5 Phases of Consulting Process

I'm often asked by potential clients how I will work with them to get a specific result -- for example, improve distribution in a particular region, gain more media recognition, or improve overall sales. Some people are surprised that my approach to brand development/launch and turn around projects is always the same, even though the individual client needs may be quite different.

Delivering superior client ROI is my goal, so the approach I take to achieving it is very important. After a few years in practice, I'm confident that the Institute of Management Consultant's five phase scientific approach is the best out there. (In January, I began an intensive six month course, which is the first step to achieving the Certified Management Consultant designation recognized in 43 countries and awarded to less than one percent of practicing consultants.) It reflects the methodology I've developed as a brand champion over the years and my belief that marketing-driven wineries are more competitive in today's overly crowded market place.

I begin each engagement with the Entry phase, where I meet with a potential client to learn as much as possible about the company vision, goals, issues and concerns. This is also when I ask a series of questions to assess potential mutual fit and gain an understanding about the scope of the project. Next I deliver a proposal outlining goals, deliverables, scope and fees.

Assuming a contract is signed, the next phase, Diagnosis, begins. In this important research-focused period, I gather data using surveys and informational interviews to assess winery strengths and challenges. Then present a report synthesizing these findings and outlining areas for opportunity and challenge, as well as recommended direction.

The third phase is Action Planning, where I deliver a strategic marketing plan that will guide all winery efforts to achieve the client's goals. This detailed plan outlines the 5 W's (who, what, when, where, why) and how results will be measured.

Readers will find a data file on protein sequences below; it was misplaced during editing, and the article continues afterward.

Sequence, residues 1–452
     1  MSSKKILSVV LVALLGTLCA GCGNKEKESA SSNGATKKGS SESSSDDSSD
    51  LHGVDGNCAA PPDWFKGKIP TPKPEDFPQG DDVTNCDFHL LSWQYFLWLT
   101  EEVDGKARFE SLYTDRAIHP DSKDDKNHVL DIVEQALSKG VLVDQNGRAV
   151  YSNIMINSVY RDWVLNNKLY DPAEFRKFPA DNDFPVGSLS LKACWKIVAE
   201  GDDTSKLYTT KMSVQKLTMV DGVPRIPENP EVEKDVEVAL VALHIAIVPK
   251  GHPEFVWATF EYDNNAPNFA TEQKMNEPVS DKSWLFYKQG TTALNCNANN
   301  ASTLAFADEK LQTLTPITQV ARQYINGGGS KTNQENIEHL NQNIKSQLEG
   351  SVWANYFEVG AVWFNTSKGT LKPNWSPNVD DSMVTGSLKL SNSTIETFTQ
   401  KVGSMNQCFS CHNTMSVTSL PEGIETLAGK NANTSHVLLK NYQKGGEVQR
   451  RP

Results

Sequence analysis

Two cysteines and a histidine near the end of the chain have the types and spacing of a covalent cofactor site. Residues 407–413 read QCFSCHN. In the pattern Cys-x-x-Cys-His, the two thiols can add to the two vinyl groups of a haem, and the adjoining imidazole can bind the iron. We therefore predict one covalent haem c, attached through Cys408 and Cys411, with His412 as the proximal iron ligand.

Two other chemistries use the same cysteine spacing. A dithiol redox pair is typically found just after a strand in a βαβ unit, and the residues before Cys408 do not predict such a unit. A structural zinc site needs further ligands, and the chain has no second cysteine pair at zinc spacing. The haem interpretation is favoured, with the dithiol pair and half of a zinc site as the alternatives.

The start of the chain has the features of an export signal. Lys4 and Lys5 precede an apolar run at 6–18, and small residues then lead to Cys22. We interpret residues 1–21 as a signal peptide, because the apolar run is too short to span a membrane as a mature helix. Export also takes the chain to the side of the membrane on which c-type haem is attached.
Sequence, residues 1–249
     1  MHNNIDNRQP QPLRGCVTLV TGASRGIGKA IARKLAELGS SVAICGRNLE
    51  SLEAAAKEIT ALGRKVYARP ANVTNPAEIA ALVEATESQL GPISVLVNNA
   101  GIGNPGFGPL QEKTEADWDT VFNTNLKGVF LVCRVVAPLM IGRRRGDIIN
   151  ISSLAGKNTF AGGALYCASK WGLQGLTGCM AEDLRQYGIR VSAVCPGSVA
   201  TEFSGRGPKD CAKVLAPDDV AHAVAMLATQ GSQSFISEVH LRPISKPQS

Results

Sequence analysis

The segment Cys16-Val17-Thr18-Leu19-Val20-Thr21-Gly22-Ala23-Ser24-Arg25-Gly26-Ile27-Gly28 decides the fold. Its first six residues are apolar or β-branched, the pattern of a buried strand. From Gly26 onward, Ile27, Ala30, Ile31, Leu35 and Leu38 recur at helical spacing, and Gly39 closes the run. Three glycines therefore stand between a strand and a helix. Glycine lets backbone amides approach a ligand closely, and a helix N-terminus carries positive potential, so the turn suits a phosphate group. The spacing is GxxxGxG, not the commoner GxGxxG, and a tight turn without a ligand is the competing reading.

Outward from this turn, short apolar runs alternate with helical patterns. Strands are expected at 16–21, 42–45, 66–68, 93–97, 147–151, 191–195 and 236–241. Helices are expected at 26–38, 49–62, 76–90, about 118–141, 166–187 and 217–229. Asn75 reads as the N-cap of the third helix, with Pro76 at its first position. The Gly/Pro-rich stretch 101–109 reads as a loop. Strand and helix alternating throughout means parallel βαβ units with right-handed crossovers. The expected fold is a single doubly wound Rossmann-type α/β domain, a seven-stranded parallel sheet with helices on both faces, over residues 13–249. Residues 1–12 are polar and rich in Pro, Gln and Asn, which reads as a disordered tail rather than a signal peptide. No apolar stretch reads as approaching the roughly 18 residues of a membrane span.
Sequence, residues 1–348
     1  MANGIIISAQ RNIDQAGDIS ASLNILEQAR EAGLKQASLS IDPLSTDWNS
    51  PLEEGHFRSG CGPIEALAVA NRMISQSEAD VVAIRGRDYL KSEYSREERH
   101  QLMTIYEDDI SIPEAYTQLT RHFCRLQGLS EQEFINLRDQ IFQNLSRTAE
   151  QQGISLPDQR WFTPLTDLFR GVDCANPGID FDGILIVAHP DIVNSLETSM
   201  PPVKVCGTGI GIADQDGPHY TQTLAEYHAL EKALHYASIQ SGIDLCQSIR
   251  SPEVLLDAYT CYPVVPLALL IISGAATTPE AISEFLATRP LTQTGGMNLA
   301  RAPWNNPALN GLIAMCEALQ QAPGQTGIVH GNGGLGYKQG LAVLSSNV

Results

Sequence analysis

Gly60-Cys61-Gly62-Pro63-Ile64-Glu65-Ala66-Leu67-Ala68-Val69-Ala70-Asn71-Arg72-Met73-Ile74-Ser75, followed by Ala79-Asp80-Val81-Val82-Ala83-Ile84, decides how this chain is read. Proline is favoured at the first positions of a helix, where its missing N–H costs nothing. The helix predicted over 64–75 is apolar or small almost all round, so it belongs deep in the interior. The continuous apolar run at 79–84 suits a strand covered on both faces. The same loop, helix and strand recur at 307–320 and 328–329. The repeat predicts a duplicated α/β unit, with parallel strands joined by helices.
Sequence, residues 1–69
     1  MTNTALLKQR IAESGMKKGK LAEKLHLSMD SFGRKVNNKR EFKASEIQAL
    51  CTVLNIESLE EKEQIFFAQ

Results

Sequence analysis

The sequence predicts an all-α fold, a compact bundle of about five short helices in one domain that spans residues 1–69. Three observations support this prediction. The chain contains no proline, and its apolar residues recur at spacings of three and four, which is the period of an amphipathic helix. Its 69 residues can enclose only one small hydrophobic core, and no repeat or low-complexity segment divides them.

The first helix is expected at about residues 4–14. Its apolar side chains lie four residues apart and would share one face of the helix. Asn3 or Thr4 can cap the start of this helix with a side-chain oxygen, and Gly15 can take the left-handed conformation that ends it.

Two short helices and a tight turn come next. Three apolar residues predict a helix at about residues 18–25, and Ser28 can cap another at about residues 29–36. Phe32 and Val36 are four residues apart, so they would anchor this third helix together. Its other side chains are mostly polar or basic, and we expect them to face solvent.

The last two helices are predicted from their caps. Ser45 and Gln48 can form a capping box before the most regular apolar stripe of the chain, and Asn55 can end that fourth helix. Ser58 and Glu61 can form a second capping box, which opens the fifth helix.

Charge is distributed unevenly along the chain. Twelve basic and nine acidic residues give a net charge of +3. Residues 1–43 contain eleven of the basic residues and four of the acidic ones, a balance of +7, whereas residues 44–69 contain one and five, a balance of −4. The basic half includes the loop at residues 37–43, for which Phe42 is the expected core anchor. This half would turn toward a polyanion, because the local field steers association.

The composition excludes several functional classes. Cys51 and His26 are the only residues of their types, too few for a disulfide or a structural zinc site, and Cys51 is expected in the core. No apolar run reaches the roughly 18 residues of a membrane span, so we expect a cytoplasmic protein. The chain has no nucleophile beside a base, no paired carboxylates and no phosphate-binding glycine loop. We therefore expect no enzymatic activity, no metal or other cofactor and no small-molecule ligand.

Sometimes potential clients want me to jump directly to what is the fourth phase, Implementation. (In a few engagements, such as a creating a relatively straightforward website in a more limited project, this is possible, but most integrated marketing communications efforts require the full process.) During implementation, I am typically working with a small team to make sure that what is in the marketing plan gets accomplished.

The fifth and final phase is officially called Termination (I prefer Close or Transition). At this point, I've delivered the project as outlined in the original contract, and either need to transition out or create a new engagement letter.

Operating with a defined process enables me to use best practices, manage expectations, provide realistic timelines and ultimately, deliver results.


Make Your Winery's Strategy Your Reality

Strategy is critically important in every business. But it is meaningless if it resides only on paper or worse, "in your head". One of the primary challenges of any owner/ operator faces is how to live his business strategy, aligning goals with successful execution.

A few months ago I read an HBS article interviewing the authors of One Strategy: Organization, Planning and Decision Making - Iansiti of HBS and Sinofsky of Microsoft. Their comments were impressive, and I immediately ordered the book.

In One Strategy we learn that companies have two strategies -- one explicit; the other implicit. The former is what's directed by management and visible in presentations and marketing plans. The latter is reality -- the actual execution of the strategy by team members based on their decisions and behavior.

A winery is therefore "living the strategy" when both explicit and implicit are aligned. Iansiti argues that strategy is a function of the way the company operates: "Strategy therefore becomes the product of the firm's incentives, structures, and patterns of behavior, not the other way around."

Are your winery's compensation structure, processes and patterns conducive to rewarding your team for making your intended strategy your reality? If so, you are achieving and operating as you set out to do and adapting to ever present change in your company and the industry. If not, you are likely struggling with issues ranging from increasing inventory, decreasing sales, operational inefficiency and/or team turnover.

In my practice, I specialize in aligning strategy with results. If you are struggling with these issues, contact me (360.210.5551 or info@trelliswineconsulting.com) to discuss how we can work together to help you achieve your ultimate vision, enhancing sales and efficiency.